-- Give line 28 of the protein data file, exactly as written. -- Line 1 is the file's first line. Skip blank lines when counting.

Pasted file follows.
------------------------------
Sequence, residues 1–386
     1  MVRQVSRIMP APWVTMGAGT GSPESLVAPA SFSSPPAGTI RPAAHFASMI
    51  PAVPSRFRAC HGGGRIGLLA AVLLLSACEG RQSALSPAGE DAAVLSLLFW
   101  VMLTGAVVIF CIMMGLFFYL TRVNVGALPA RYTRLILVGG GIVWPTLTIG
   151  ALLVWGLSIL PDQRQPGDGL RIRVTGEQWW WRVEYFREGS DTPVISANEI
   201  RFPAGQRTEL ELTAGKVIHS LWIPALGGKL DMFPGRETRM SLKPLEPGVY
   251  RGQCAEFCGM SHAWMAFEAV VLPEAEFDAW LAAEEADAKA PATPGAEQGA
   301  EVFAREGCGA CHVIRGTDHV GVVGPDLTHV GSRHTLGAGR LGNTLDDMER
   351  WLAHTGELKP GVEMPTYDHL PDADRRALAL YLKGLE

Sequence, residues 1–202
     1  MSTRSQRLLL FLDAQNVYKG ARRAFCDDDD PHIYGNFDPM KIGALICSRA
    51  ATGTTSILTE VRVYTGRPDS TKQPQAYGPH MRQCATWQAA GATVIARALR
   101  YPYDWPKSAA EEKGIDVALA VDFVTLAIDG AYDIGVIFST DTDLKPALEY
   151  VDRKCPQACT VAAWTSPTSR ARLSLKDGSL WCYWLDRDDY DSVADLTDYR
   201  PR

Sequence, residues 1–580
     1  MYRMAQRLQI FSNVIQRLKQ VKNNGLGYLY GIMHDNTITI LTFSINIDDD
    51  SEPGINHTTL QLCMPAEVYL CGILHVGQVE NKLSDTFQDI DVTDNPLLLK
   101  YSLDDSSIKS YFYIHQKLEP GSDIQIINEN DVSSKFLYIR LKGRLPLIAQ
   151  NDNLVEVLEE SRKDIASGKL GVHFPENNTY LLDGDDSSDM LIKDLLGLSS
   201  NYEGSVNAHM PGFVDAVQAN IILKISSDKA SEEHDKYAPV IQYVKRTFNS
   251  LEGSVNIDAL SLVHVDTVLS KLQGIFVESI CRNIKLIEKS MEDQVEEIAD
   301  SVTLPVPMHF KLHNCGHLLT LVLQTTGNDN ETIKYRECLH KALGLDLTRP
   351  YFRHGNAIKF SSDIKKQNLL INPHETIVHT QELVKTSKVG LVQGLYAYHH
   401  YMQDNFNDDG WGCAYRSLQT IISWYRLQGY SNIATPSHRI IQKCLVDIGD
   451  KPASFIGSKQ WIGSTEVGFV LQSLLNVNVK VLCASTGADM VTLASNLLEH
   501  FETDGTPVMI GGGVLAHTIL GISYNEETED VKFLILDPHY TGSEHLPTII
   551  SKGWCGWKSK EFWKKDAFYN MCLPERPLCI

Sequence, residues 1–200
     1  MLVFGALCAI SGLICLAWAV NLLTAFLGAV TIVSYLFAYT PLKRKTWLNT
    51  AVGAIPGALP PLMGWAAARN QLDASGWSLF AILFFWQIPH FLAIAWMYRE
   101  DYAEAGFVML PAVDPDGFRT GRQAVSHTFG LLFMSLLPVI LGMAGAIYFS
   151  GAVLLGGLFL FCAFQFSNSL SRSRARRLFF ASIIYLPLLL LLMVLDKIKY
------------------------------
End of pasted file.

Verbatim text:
   551  SKGWCGWKSK EFWKKDAFYN MCLPERPLCI